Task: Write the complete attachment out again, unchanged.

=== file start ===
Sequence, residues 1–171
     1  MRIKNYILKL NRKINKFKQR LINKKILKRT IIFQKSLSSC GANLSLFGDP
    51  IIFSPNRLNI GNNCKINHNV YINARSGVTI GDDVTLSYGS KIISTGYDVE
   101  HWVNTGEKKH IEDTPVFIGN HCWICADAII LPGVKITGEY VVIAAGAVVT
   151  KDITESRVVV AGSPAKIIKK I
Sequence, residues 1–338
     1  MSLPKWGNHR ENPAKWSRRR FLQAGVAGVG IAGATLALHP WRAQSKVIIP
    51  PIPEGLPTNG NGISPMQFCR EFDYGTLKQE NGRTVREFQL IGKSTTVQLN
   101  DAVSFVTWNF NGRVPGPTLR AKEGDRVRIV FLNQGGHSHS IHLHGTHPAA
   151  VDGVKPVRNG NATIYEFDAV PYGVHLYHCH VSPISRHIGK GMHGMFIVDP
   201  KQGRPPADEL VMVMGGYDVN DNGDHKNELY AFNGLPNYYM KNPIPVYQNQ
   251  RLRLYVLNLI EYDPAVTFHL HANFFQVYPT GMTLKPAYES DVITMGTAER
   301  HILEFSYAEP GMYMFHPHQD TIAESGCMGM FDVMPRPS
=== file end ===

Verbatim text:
Sequence, residues 1–171
     1  MRIKNYILKL NRKINKFKQR LINKKILKRT IIFQKSLSSC GANLSLFGDP
    51  IIFSPNRLNI GNNCKINHNV YINARSGVTI GDDVTLSYGS KIISTGYDVE
   101  HWVNTGEKKH IEDTPVFIGN HCWICADAII LPGVKITGEY VVIAAGAVVT
   151  KDITESRVVV AGSPAKIIKK I
Sequence, residues 1–338
     1  MSLPKWGNHR ENPAKWSRRR FLQAGVAGVG IAGATLALHP WRAQSKVIIP
    51  PIPEGLPTNG NGISPMQFCR EFDYGTLKQE NGRTVREFQL IGKSTTVQLN
   101  DAVSFVTWNF NGRVPGPTLR AKEGDRVRIV FLNQGGHSHS IHLHGTHPAA
   151  VDGVKPVRNG NATIYEFDAV PYGVHLYHCH VSPISRHIGK GMHGMFIVDP
   201  KQGRPPADEL VMVMGGYDVN DNGDHKNELY AFNGLPNYYM KNPIPVYQNQ
   251  RLRLYVLNLI EYDPAVTFHL HANFFQVYPT GMTLKPAYES DVITMGTAER
   301  HILEFSYAEP GMYMFHPHQD TIAESGCMGM FDVMPRPS